There are different patterns of distribution of obesity. In peripheral obesity (e.g., gynoid or gluteal pattern), the individual has a pear shape, and adipose tissue deposition is predominantly in the lower body. In central obesity (e.g., android, or cushingoid), and especially upper body obesity, the individual has an apple shape, and adipose tissue deposition occurs predominantly in the upper body. Central obesity has greater associations with perioperative risk and OSA.



Halls SB. The “Metropolitan Life” tables. www.halls.md/met-life-ideal-weight/. Accessed July 1, 2015.

Kopelman PG, Caterson ID, Dietz WH, eds. Clinical Obesity in Adults and Children. 3rd ed. West Sussex, United Kingdom; Wiley-Blackwell; 2010:3-14.

The New Image Weight Loss Center. Imperial system BMI calculator. www.newimageweightloss.com. Accessed July 1, 2015.

What Health. Metric system BMI calculator. www.whathealth.com/bmi/chart-metric2.html. Accessed July 1, 2015.


A.3. What is obstructive sleep apnea (OSA)? What are the risk factors for OSA?

OSA is a sleep disorder. Sleep disorders may be grouped into the following types: conditions with excessive daytime somnolence (e.g., OSA), conditions with disorders initiating and maintaining sleep (e.g., insomnia), and circadian rhythm disorders (e.g., jet lag).

In the older terminology, OSA referred to both OSA proper and to obstructive sleep hypopnea (OSH) syndrome, a milder variant. Today, it is more precise to refer to obstructive sleep apnea and hypopnea syndrome (OSAHS) when naming the general condition.

OSA is defined as cessation of airflow for more than 10 seconds despite continuing ventilatory effort, five or more times per hour of sleep, associated with a decrease in arterial oxygen saturation (SpO2) of greater than 4%. OSH is defined as a decrease in airflow of more
than 50% for more than 10 seconds, 15 or more times per hour of sleep, associated with a decrease in SpO2 of greater than 4%. Both forms of OSAHS are usually associated with snoring, sleep disruption from increased ventilatory effort-induced arousal, hypersomnolence (daytime sleepiness), altered cardiovascular function, and pathophysiologic alterations, of which hypoxemia and hypercarbia are primary events, and polycythemia, systemic and pulmonary hypertension, various cardiac arrhythmias, myocardial ischemia, right and left ventricular hypertrophy, and eventually failure are secondary events.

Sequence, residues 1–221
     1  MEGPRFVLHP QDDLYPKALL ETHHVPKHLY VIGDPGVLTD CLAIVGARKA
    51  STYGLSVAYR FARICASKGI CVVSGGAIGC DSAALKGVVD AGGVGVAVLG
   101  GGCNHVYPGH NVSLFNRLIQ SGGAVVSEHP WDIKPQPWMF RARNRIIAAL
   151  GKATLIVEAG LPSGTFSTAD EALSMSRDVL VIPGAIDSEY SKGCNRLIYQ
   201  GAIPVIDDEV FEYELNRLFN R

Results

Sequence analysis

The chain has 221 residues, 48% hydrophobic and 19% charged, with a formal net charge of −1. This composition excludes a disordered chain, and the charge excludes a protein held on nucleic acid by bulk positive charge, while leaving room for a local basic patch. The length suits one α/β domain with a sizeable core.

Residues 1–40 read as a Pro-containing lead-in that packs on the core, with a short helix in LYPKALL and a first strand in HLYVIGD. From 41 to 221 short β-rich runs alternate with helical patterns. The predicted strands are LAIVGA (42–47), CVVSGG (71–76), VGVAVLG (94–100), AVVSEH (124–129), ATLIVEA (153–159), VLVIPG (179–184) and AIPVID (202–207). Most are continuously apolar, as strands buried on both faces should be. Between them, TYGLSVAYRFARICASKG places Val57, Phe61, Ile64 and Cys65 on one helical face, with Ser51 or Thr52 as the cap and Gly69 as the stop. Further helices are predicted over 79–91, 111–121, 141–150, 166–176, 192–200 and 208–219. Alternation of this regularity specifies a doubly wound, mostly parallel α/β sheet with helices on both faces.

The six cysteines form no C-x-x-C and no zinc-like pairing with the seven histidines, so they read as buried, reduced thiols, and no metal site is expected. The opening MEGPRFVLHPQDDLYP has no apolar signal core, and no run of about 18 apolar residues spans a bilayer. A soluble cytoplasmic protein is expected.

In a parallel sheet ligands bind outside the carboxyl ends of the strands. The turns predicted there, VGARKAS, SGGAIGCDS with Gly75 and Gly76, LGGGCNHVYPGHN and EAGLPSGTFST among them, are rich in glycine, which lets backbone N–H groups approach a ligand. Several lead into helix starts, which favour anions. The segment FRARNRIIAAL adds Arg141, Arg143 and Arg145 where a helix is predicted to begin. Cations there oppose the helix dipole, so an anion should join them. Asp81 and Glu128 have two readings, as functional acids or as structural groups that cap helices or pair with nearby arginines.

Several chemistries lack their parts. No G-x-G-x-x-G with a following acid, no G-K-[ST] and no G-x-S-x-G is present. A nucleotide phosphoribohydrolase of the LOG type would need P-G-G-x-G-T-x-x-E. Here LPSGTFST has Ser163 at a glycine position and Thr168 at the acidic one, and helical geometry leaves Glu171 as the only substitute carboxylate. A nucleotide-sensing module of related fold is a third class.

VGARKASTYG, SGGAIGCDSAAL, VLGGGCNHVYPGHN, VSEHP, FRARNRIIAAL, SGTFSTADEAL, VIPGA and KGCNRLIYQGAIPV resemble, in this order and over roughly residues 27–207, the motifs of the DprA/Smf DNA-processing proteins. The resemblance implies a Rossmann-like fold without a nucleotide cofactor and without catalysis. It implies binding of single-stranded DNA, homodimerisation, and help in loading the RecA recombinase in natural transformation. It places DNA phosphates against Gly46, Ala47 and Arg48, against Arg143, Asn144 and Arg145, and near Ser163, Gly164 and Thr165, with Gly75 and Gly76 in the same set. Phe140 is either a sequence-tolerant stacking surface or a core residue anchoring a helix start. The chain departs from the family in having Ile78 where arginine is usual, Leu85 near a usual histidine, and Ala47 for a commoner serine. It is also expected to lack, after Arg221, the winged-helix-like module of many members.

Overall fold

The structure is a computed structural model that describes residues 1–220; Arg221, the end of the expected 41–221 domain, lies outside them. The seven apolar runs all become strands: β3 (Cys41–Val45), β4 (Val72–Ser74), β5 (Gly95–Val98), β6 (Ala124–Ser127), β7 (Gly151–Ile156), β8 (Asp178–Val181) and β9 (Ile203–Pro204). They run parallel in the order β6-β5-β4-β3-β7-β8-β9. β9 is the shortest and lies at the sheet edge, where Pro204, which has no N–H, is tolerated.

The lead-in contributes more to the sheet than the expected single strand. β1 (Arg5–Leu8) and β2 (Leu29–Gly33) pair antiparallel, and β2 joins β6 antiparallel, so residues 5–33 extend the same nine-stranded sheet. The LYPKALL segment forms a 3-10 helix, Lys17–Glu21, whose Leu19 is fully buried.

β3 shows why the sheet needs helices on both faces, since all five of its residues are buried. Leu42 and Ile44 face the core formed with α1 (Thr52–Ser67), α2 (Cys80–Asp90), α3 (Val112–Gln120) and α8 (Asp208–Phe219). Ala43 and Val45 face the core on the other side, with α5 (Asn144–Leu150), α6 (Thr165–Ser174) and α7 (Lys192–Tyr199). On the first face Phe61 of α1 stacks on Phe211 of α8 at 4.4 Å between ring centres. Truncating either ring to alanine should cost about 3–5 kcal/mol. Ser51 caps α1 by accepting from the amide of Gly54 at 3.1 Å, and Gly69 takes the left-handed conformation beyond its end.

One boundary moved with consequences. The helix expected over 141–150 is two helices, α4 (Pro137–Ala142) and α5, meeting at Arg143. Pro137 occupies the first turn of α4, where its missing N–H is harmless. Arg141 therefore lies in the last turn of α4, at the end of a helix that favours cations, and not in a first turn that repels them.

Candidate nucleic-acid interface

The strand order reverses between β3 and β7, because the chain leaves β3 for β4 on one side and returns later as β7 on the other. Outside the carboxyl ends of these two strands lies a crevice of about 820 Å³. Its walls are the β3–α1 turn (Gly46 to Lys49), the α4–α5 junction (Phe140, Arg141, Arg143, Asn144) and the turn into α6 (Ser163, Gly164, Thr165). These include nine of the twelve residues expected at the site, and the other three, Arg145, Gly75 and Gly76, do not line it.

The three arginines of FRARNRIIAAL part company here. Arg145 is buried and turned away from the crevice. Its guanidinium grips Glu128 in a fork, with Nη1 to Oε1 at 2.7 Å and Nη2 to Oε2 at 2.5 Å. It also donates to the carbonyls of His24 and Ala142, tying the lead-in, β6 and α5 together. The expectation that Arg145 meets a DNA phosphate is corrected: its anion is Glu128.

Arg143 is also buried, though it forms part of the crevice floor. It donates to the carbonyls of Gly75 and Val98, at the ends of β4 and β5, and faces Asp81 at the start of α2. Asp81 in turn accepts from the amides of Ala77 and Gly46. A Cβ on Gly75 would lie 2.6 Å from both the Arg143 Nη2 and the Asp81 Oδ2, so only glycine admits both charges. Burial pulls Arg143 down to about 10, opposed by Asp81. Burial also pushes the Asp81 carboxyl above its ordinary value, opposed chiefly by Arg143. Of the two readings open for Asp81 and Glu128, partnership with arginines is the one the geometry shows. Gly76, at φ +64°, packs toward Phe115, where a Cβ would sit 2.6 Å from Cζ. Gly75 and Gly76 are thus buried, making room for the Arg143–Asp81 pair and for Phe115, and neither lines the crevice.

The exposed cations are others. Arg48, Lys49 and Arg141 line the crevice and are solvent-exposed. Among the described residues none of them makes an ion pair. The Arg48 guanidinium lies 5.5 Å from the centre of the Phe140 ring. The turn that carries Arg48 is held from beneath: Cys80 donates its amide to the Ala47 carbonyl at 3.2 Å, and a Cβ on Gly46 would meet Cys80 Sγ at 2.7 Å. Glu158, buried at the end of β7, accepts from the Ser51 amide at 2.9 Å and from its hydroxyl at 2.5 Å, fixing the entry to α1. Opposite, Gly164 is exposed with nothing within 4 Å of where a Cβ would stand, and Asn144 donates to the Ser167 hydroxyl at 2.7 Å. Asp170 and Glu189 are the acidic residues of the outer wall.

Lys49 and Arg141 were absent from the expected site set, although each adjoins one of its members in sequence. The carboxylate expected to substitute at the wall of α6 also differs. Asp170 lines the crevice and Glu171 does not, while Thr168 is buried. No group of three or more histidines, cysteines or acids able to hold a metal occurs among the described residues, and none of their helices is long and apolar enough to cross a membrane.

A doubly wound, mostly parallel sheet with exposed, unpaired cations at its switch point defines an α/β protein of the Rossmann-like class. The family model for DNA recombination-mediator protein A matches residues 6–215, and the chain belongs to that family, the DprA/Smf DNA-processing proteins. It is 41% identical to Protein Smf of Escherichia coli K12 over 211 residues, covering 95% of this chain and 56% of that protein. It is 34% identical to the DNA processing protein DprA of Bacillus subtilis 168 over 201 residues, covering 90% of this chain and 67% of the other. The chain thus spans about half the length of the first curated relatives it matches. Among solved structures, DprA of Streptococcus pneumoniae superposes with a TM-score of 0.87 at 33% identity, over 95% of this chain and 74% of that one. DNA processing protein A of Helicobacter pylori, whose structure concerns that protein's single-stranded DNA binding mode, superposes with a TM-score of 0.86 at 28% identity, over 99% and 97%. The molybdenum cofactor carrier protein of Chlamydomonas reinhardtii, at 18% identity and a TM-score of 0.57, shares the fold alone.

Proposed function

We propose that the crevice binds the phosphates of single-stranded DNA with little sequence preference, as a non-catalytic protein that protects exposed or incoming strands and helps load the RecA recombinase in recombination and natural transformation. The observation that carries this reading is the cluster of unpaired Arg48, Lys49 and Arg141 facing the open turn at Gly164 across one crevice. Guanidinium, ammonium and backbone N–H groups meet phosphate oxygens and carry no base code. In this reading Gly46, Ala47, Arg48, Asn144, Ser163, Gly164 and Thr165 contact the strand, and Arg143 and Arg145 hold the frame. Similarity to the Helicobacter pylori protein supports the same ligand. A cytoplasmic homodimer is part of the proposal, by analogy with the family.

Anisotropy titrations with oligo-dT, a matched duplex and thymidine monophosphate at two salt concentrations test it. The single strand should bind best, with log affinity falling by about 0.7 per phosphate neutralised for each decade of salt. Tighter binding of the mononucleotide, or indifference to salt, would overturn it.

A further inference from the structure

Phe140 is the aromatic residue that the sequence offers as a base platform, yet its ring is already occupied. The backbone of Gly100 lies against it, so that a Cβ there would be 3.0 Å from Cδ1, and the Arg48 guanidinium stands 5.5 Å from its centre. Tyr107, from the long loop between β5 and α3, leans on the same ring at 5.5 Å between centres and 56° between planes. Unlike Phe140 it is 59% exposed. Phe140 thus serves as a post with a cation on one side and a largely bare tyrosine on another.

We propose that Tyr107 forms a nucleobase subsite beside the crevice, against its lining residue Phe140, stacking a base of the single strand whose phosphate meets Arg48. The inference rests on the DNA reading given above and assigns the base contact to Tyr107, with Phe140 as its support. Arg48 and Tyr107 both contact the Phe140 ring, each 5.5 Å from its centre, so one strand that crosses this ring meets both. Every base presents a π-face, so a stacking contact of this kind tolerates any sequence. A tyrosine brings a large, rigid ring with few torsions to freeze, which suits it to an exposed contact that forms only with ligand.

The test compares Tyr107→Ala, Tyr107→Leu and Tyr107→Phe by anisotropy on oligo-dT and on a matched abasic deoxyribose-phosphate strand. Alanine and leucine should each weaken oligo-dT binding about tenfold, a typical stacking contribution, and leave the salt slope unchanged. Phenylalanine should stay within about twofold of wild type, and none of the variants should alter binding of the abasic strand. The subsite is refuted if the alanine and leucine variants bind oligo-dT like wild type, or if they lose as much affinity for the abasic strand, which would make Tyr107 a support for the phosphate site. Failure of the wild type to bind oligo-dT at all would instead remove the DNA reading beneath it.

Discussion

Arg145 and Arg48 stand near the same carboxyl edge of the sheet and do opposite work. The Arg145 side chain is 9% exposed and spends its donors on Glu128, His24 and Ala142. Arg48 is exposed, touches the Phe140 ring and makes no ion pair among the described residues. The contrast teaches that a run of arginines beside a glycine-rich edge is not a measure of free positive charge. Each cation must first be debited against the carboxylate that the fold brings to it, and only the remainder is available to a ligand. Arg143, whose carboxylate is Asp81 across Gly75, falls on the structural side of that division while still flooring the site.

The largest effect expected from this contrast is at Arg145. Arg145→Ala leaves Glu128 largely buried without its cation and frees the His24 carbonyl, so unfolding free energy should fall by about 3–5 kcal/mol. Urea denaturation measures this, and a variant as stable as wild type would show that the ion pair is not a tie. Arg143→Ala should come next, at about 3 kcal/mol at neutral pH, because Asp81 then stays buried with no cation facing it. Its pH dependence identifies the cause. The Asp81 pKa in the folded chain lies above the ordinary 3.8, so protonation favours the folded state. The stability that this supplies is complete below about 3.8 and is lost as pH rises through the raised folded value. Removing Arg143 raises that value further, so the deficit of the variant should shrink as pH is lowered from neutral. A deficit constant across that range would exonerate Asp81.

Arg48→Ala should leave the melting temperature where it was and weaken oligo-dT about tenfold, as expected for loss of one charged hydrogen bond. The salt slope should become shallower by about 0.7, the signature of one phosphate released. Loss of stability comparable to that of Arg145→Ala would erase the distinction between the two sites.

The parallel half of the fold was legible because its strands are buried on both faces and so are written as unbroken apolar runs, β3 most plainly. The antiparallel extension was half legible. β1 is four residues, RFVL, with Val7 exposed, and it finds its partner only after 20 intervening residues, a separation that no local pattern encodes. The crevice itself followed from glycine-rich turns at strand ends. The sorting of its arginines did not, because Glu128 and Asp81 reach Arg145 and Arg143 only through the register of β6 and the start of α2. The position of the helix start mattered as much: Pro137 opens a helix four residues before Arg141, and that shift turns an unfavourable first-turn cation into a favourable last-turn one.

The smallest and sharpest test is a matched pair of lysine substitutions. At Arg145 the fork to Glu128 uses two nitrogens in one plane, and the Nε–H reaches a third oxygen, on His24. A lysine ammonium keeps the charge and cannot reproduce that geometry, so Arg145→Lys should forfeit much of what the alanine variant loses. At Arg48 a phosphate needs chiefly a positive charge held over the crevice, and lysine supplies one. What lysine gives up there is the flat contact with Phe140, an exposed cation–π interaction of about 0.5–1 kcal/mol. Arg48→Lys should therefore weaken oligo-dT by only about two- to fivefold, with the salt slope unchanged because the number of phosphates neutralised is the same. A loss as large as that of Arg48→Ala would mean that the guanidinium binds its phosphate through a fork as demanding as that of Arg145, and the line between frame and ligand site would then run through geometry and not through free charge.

Severe obesity is a strong independent risk factor for OSAHS. Other risk factors include male gender, middle age, evening ingestion of alcohol, and drug-induced sleep. In nonobese individuals, risk factors are craniofacial dysostoses, particularly micrognathia (absolute or relative), cartilaginous abnormalities (e.g., lingual tonsillar hyperplasia), chronic nasal obstruction, and tonsillar hypertrophy.



Alvarez A, Brodsky JB, Lemmens HJM, et al, eds. Morbid Obesity Peri-operative Management. 2nd ed. Cambridge, United Kingdom: Cambridge University Press; 2010:19-27.

Sugerman HJ, Nguyen NT, eds. Management of Morbid Obesity. New York; Taylor and Francis; 2006:14, 52.


A.4. How is OSA diagnosed? What is a sleep study, or polysomnogram (PSG)? How are results obtained from a PSG used to grade the severity of OSA?